Get a kick out of creative coifs, singers in love with their own hyper-dramatic delivery, and pumping bass and synth parts that keep the kids bouncing up and down until long after the Jager and the weed wear off? Then the double bill featuring Canada's Hot Hot Heat and the U.K.-based Editors is an absolutely must-see affair. While the bulk of us have left the '80s far behind, both of these terribly self-indulgent (and, for that reason, terrifically fun) acts can't get enough of 'em. At least sonically.
Canadian headliners Hot Hot Heat have been around for years, and frankly, the departure of some key members has led to a slicker sound. But thanks to Steve Bay's urgent, froggy vocals and a surfeit of tunes about love, girls, rock dreams and, well, more girls, their 2007 release Happiness Ltd. is the sort of pop candy that explodes with sweetness just long enough to rouse the typical adolescent rocker from her teenage depression.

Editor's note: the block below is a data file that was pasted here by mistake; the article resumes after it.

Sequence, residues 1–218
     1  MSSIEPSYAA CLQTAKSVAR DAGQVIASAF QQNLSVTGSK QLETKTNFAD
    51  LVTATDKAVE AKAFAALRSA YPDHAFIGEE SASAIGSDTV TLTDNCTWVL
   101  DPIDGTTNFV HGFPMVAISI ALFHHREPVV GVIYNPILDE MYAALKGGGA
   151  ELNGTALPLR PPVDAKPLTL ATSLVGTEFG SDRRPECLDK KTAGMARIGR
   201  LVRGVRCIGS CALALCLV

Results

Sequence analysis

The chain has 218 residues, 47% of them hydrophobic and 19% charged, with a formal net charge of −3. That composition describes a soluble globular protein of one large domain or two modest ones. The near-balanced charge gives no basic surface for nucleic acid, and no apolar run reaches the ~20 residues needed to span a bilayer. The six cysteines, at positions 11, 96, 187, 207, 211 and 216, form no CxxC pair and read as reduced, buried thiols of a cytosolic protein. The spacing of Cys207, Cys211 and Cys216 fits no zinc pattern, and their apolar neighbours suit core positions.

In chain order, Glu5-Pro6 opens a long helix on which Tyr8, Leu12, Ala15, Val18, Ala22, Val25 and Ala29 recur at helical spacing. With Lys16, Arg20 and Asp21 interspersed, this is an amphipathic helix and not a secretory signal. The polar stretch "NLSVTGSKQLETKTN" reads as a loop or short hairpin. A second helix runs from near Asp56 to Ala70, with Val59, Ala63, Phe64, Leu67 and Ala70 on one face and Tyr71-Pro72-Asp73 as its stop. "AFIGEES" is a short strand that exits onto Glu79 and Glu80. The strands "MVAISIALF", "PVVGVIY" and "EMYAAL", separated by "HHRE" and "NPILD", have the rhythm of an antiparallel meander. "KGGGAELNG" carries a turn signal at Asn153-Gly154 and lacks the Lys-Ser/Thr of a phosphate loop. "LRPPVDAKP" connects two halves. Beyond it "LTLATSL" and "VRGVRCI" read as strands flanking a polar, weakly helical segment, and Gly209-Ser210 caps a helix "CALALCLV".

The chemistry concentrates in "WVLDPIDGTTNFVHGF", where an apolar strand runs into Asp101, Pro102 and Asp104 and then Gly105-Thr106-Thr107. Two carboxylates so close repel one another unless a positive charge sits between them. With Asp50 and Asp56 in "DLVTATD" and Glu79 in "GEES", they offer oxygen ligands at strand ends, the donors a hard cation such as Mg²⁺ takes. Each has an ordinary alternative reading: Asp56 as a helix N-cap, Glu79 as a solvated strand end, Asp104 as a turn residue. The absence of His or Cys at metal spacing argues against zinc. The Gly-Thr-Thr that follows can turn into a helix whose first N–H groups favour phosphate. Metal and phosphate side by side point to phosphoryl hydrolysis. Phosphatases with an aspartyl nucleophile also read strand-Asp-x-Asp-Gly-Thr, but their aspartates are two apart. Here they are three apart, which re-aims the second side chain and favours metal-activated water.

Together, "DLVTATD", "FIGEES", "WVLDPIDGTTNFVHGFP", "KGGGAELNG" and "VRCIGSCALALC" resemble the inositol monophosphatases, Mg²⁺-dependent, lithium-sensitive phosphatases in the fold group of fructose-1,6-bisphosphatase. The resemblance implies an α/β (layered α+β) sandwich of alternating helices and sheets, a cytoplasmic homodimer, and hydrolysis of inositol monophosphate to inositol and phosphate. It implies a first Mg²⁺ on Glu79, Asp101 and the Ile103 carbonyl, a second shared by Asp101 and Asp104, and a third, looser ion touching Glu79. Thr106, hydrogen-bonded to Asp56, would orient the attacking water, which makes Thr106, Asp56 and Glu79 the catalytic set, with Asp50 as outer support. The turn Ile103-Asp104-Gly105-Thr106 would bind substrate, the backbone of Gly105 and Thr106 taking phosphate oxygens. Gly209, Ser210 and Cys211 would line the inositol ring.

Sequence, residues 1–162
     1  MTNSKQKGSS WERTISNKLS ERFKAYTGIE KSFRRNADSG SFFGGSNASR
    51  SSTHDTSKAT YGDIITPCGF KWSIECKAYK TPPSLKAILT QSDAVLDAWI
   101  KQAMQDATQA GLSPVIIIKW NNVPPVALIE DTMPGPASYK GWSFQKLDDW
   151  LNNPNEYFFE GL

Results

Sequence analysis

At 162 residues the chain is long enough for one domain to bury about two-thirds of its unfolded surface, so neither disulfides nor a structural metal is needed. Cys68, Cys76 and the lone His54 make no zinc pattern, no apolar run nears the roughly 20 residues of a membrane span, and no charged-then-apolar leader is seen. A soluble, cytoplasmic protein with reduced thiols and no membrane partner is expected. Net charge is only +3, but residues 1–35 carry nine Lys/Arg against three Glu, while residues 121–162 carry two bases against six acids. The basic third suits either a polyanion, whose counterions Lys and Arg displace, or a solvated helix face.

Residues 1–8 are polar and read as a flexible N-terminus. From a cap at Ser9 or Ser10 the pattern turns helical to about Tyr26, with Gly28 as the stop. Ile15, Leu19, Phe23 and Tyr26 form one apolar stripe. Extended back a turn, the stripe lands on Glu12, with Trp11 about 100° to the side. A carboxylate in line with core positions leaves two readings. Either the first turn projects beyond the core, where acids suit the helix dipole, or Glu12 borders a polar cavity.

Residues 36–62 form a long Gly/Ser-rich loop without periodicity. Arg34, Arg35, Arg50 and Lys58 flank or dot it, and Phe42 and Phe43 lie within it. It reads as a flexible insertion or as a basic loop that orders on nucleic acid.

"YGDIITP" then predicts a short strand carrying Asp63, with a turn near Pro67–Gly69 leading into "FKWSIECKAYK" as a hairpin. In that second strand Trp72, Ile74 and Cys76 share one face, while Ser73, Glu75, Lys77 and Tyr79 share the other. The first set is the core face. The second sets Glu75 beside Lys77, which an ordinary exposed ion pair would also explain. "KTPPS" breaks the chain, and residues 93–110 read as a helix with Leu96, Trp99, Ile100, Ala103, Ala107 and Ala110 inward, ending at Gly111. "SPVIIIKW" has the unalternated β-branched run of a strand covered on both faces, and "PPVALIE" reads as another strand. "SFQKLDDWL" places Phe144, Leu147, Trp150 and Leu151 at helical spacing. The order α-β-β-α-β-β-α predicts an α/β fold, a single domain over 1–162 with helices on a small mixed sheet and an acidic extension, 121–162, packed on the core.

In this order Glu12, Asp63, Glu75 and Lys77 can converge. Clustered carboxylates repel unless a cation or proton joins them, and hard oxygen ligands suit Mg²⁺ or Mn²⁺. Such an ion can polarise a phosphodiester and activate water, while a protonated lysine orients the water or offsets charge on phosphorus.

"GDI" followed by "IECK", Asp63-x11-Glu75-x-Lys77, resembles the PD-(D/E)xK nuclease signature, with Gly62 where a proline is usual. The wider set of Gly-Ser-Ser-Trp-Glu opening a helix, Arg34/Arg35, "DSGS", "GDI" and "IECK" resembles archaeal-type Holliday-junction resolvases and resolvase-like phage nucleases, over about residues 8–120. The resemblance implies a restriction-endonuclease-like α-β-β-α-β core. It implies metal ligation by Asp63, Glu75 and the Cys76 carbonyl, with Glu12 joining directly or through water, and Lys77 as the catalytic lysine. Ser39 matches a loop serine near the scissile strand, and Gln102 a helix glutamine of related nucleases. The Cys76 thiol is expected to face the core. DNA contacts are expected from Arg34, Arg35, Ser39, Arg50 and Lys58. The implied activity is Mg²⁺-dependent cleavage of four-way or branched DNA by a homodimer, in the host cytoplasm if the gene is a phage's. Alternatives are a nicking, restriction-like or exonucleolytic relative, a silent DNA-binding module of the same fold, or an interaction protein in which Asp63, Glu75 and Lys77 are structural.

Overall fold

Hot Hot Heat's addiction to XTC's herky-jerky pop-rock has increased to the point where Andy Partridge probably should be demanding a cut of the profits from giddy New Wave knockoffs like Happiness Ltd.'s "Harmonicas & Tambourines."
Bay and company put on pert, vivifying live performances, and anyone who steps into the Majestic looking for a bracing transfusion of pop-rock pulchritude won't be disappointed.
Looking for more substance than that? Stick around for headliners the Editors, who take a different approach to the decade of Thatcher, Reagan and Donkey Kong. Goth-rock cuties the Cure are their main muse, and on most songs singer Tom Smith sounds like a cross between Ian Curtis and Robert Smith. While the vocals can be dour, the disco-influenced rhythm tracks often border on the ecstatic. Dance fans with a taste for charcoal-toned charnel-house chic will be wearing big grins.